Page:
Drawing A Video
Matteo Fato, Emanuele Kabu, Laurina Paperina

Ein Hod, Haifa (IL), Janco Dada Museum
May ― Agoust 2010

TextThe artists
Drawing a video
Daniele Capra

Contrary to what we could only imagine in the 1990’s – years that were characterized by paying great attention to new media aspects, to post-human analysis and to other historical trends – drawing has been revived in the last decade.  This means not only a renewed valorization of the medium, as happened, for example with painting in the 1980s, but it also means a rebirth that has far-reaching implications.

The main reason for this phenomenon is the awareness that lead – not only in the narrow context of conceptual art – to full recognition of drawing as art: drawing was no longer merely a preparatory step and it was now considered a completed work of art. With the recognition of the artistic community, art critics, gallery owners and collectors, drawing abandoned its subordinate position, acquired a status of an “art work” and  turned into a “medium”, with its various aspects that range from working on paper or working on the walls in the street.
At the same time, the use of various technologies and the availability of electronic features allowed for significantly more ways of expression and artists now tried new techniques that had previously been inconceivable. This included finding refuge in digital drawing techniques as well. Despite the fact that the availability of more options doesn’t comply with the principles of democracy or with improving artistic quality, the technical complexity of media such as video became accessible to the artists and made processing moving images much easier for them.

Among those who were most excited about the possibility to implement the interrelation between drawing and video were many artists born in the 70s, who made use of these available technologies. They implemented and revived those prevalent models that had been used by animators of the American and Japanese schools and that were known to them since childhood from watching T.V. An entire generation’s natural approach to these traditions of lines and other moving colorful elements, a generation whose childhood imagination was provoked by these elements, draws on this deep knowledge and this is no slight matter.

The work of Mateo Fato, Emanuele Kabu and Laurina Paperina – among the most interesting video artists in the Italian arena – shows how in our contemporary world drawing can be an endless source by which to achieve the ultimate level of free expression. Although each artist has a different approach (which could be summed up as three genres: poetic, naïve, pop) they all share a strong urge to use, even if in different ways, what is characteristic of the medium. In their classic descriptive values (such as the conciseness of their lines or their ability to capture the light and the shade), as well as, on the contrary, in the anti-academic and pop-like aspects of their work (less rich colors, acidic colors, lack of shading etc.), what they share is the “sign”.  Every frame of their video art works, which was planned and made – traditionally or digitally – structures and combines lines, geometrical shapes, empty and full.  All the rest, which is added later, comes from the movement of the hands on either the paper, or on the computer drawing board. Thought comes about later in the layers that build up after the line leaves a clear mark of its presence.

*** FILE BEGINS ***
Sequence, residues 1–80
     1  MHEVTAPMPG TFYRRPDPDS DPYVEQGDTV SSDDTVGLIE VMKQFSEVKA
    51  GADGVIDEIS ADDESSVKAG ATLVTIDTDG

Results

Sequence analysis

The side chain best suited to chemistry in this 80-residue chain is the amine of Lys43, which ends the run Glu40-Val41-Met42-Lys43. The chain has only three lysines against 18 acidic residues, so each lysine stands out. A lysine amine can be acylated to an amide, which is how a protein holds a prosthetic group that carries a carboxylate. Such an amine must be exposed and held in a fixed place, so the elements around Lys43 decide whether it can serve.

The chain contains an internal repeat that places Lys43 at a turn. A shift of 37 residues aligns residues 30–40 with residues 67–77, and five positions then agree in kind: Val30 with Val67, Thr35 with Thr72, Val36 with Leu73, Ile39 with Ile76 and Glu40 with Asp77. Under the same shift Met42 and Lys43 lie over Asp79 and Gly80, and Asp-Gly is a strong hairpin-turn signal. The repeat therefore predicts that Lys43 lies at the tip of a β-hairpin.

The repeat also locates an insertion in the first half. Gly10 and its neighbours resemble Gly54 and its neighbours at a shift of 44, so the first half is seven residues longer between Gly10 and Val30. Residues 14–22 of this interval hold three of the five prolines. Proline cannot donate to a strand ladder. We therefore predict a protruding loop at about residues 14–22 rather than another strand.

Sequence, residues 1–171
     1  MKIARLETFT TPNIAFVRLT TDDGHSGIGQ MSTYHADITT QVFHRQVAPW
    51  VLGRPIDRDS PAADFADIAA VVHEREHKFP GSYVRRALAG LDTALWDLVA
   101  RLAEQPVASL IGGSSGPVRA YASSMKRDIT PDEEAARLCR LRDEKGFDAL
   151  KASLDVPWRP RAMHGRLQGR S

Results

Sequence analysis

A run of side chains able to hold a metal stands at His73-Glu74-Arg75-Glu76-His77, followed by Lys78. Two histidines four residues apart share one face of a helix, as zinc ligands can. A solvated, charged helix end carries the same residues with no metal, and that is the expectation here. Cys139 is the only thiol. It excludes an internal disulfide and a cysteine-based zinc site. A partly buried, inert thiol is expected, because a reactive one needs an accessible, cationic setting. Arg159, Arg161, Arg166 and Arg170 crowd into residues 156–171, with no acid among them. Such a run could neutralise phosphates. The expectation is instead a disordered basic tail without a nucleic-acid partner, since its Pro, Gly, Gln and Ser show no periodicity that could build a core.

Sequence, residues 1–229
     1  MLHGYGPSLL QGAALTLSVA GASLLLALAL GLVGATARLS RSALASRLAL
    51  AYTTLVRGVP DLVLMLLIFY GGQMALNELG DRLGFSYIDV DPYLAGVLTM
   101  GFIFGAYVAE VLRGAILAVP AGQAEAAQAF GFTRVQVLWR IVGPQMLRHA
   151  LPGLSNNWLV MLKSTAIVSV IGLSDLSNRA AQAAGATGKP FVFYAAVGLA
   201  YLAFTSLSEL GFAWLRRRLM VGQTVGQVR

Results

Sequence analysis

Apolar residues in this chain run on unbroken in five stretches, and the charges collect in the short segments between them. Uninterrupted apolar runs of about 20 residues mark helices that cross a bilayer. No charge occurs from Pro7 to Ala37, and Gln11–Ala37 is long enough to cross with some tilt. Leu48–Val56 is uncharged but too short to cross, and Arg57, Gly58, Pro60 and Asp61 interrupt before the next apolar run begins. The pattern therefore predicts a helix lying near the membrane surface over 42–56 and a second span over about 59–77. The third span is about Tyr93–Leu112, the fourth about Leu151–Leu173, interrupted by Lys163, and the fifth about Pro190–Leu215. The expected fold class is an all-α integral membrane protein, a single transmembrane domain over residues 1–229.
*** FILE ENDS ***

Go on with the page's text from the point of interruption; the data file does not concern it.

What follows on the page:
“Life is line, thought is line, action is line. All is line, the line which connects two dots. The dot is a moment. A line begins and ends in two moments”.[*] These moments which are there one after the other, reveal to the eye a mysterious alluring magic, an intimate delicate rendition of beauty.

[*] Manlio Brusatin, Storia delle linee [History of the lines, Italian language only], Einaudi, Torino, 1993-2001, p. 5.

The artists
Daniele Capra

Matteo Fato
Mateo Fato’s exploration comes from acknowledging the less familiar aspects of drawing. His sensitivity to shape is evident in the softness of the lines and in the possibility to produce images without lifting the brush from the drawing surface, in a way somewhat similar to eastern calligraphy. The black and the white – both when he draws with ink on paper and in his video art – are balanced; they are both aspiring to ascend and grounded, and they are guided by a thought that has been inspired by both stimuli that originate in earlier periods in the history of art, on the one hand, and by influences from lyrical poetry, on the other.

Emanuele Kabu
Emanuele Kabu offers its viewers a delicate world of images, that is, in some respects aware of the Hippie traditions and the use of Lysergic Acid. His heroes are often animals and anthropomorphic characters that move around between geometric elements and cohesive fields of color that pulsate in vague colors. His video art works are fantastic stories in which music is more than just a marginal element or an accompanying effect. They are magical fairy tales, which, despite having some roughness in them, draw the viewers by inducing a feeling of dream.

Laurina Paperina
Bitter, mean, defying, politically incorrect, Laurina Paperina likes to combine in her work the contemplation of the artistic world (with the jealousy and rivalry that being part of it entails), and straight-forward thoughts on religion and its self-righteous morality. “The sign” is neither absolute nor secure; it is definitely low-fi, up to a point where the images quiver. Her figures are inappropriate and cheeky, and they do everything that is considered unheard of. But still, in this world of defiance and vulgarity they are all too familiar. And makes us laughing.